Land a $100K+ job: Tips from Executive Resume Writer
Multiple web resources are totally flooded with various pieces of advice on resume writing. And while some of them make sense for a mid-level manager or sales specialist, the same advice applied for C-level manager will turn out a total disaster.
Job searching process for senior executives has its peculiarities: the competition is fierce, number of openings is limited, and it’s pretty time-consuming: some specialists agree that landing a new job can take up to a year. It’s possible to facilitate this process though: our executive resume writers have shared a checklist so you could evaluate the effectiveness of your resume before hitting “Send” button.
1. Resume title
Title gives a hiring manager opportunity to understand what position you’re applying for in a glance and what you have to offer. Be specific; it’s preferable to insert “System architect/Software developer” rather than “IT specialist”.
2. Format matters
Professional executive resume writers agree that pure chronological or functional format won’t work for a C-level manager. Chronological format doesn’t have any emphasis on what you can offer to the business as it’s hard to follow your track record on multiple positions. Meanwhile, functional format doesn’t provide the reader with chronological context – and the employer is most interested in your latest achievement and capabilities. How to find a solution? Stay on a hybrid format.
3. Value proposition and numbers
Nobody cares what you were “responsible for” and whom you “led” until you come up with figures of savings, names of products launched and percentage of time/costs reduced. Define your personal brand and offer by presenting pure facts of what you have achieved and the potential you have.
4. Use of verbs
Overuse of “responsible for”, “managed” and “provided” is a real pain in the neck for any hiring manager. The same goes with one verb repeated multiple times. If this problem exists, rewrite it and use more action-oriented and result-driven statements.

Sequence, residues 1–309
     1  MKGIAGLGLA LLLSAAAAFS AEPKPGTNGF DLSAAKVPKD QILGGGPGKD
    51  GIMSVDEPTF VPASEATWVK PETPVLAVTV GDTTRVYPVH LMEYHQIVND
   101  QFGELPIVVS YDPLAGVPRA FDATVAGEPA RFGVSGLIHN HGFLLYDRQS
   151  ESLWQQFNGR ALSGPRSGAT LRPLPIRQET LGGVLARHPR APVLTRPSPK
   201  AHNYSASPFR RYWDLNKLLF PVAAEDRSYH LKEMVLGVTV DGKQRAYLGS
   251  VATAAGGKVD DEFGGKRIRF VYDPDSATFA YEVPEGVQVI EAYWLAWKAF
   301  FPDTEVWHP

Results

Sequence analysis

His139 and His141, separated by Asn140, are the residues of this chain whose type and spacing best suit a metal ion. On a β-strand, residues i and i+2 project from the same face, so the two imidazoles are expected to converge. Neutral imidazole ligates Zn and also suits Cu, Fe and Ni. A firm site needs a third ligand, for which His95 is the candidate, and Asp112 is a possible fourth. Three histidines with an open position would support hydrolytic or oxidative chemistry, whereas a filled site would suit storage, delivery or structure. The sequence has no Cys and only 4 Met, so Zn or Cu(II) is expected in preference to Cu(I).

5. Summary or Objective?
If your resume has an objective section, delete it right away. It’s 2015 and no one uses them any longer. The tactics of best executive resume writers are including title and/or summary statement, which summarizes your unique offer in 4-7 lines.
6. Number of pages
Forget the hogwash insisting that your resume should not exceed one page. This may work for graduates who are new to workforce and simply have little experience to write about. For a senior manager, shortening resume means leaving some crucial information out. The optimal length is 2-3 pages. Avoid extremes, though – 5-page resume is going to fail as well.
7. Errors and formatting
It’s annoying to keep repeating this; however, the fact is no one will even read a resume with mistakes. After you’ve written a resume, proofread it next day and let your friends or colleagues proofread it. Evaluate the formatting critically; make sure the text has bullet points, is aligned well and you use only one font. It also goes without saying that adding photo is inappropriate: http://cvresumewritingservices.org/blog/common-problems-you-face-creating-an-online-resume
Correcting your resume according to the standards above increases your chances to pass a selection and be invited for an interview. Need a killer executive resume? Contact us today to find out how we can help you or request a free resume review.